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It’s time to re-imagine and re-engage. It’s time for equity
Guest Commentary

It’s time to re-imagine and re-engage. It’s time for equity

  • Updated

On Oct. 22, 2020, the St. Helena City Council approved Resolution 2020, which states “discrimination and systemic racism constitute a public health crisis causing disparities in mental well being, language access, housing, economic development, health and criminal justice experience, and reaffirming its commitment to advancing justice, equity, diversity and inclusion in the city.”

It’s important that we recognize issues of systemic racism exist in our towns, cities and neighborhoods. Many of us have never experienced racism, prejudice or discrimination first hand. And herein lies the quandary. Would we see it if it were right in front of us? Would we do something about it? Would we speak up?

When did we learn to differentiate and put “the other” into a box, assigning labels and characteristics that espouse a negative connotation. We learned them from our families of origin, from our schoolmates, from our friends and colleagues.

According to the Institute of Medicine report “Unequal Treatment,” stereotypes are automatically activated without consciousness, held by people who believe they do not judge others and effect how we process and recall information about others. Most importantly, they guide our expectation and perceptions and ultimately shape our personal interactions.

We all have them. We all rely on them. When we are stressed we go to ‘auto-pilot’ and rely on previously held biases to support our actions/response. There are two forms of bias, explicit and implicit.

Explicit bias are overt acts done on a conscious level. We are aware of our prejudices toward certain groups of people and act on that bias. Examples include hate speech, racial slurs and visual depiction such as swastikas or the Confederate flag.

Implicit bias is done on an unconscious level. Our mental associations are so well established as to operate without awareness, intention or control. They are usually activated in stressful situations. Interestingly, they may not align with our declared beliefs. Examples include ageism, gender bias, neighborhood bias - perception is not always reality.

How then can we change our thinking, our reactions, our responses? Question is, do we want to change? Do we want to address issues of systemic racism, prejudice and discrimination? Are we willing to be in those uncomfortable moments and to act, to be a voice, to ensure that everyone in our community, in our neighborhood, our family are treated with respect and dignity?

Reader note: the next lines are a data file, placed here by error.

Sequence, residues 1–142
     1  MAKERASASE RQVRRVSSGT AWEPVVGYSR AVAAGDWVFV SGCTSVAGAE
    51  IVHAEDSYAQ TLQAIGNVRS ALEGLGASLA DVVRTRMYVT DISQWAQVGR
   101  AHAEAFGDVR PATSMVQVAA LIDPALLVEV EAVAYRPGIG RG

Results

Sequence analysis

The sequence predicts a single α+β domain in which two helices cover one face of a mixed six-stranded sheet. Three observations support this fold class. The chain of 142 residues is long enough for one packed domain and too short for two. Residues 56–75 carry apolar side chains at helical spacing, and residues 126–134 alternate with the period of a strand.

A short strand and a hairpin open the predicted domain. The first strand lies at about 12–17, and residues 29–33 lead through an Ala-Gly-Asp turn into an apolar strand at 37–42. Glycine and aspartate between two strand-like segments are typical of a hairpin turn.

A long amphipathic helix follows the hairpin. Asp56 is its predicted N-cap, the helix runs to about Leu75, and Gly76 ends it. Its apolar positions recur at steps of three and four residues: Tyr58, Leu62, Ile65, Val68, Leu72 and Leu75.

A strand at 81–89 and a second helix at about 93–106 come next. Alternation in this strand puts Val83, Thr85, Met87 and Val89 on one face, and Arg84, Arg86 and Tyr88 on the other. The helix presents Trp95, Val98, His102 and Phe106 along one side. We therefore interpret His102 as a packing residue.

Perhaps start with the Implicit Bias Project from Harvard University ( These tests measure attitudes and beliefs that people may be unwilling or unable to report. It may show an implicit attitude you did not recognize. The Implicit Association Test include subjects of race, age, gender, religion, presidents, health, obesity and more.

Mindfulness is another step we can take to interrupt our “automatic pilot.” Taking a pause and time to reflect before speaking/taking action encourages self-regulation of our emotions and calls us to recognize others’ emotions. Most importantly it provides an opportunity for empathy. It allows for more thoughtful consideration which leads to wise actions.

In addition, Dr. Derald Sue, professor at Columbia University and author of “The Challenge of White Dialectics: Making the “Invisible” Visible,” suggests the following: Be vigilant of your own biases and fears; Interact with those different than yourself; Don’t be defensive; Be open to discussing how your attitudes/biases might have hurt others; and Be an ally - stand against bias and discrimination.

It is time to confront and counter the prejudice, discrimination and systemic racism in our communities and neighborhoods. Acknowledging our biases, addressing the inequities found in our communities, and being a voice for justice and equity are key to eliminating systemic racism.

The time to re-imagine and re-engage is before us. Lead with respect. Lead with compassion. Lead with equity.

NASA has announced that it will land the first person of color on the Moon as part of its Artemis mission. The agency previously said that the Artemis mission will put the first woman on the Moon by 2024. In November 2020, NASA introduced 18 astronauts who will be taking part in the mission. The group includes nine women and several people of color. The announcement comes after President Joe Biden’s administration submitted a budget proposal for the fiscal year 2022. The proposal includes $24.7 billion for NASA. This $24.7 billion funding request demonstrates the Biden administration's commitment to NASA and its partners who have worked so hard this past year, Steve Jurczyk, Acting NASA Administrator.

Beth Lincoln is a founder of Women Stand Up St Helena and Monday Vigil - Black Lives Matter.

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